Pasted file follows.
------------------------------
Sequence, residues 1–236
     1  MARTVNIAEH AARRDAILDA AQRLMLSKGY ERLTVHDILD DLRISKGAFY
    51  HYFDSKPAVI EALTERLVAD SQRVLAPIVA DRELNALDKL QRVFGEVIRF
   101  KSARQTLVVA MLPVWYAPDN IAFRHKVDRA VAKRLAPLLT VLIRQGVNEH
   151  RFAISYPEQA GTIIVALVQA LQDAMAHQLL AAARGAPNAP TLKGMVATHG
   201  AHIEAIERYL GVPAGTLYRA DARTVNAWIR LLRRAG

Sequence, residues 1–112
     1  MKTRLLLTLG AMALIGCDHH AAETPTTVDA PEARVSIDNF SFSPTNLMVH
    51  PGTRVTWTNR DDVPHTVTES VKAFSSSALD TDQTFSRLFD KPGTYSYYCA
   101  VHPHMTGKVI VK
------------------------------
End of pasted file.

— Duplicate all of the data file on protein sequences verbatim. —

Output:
Sequence, residues 1–236
     1  MARTVNIAEH AARRDAILDA AQRLMLSKGY ERLTVHDILD DLRISKGAFY
    51  HYFDSKPAVI EALTERLVAD SQRVLAPIVA DRELNALDKL QRVFGEVIRF
   101  KSARQTLVVA MLPVWYAPDN IAFRHKVDRA VAKRLAPLLT VLIRQGVNEH
   151  RFAISYPEQA GTIIVALVQA LQDAMAHQLL AAARGAPNAP TLKGMVATHG
   201  AHIEAIERYL GVPAGTLYRA DARTVNAWIR LLRRAG

Sequence, residues 1–112
     1  MKTRLLLTLG AMALIGCDHH AAETPTTVDA PEARVSIDNF SFSPTNLMVH
    51  PGTRVTWTNR DDVPHTVTES VKAFSSSALD TDQTFSRLFD KPGTYSYYCA
   101  VHPHMTGKVI VK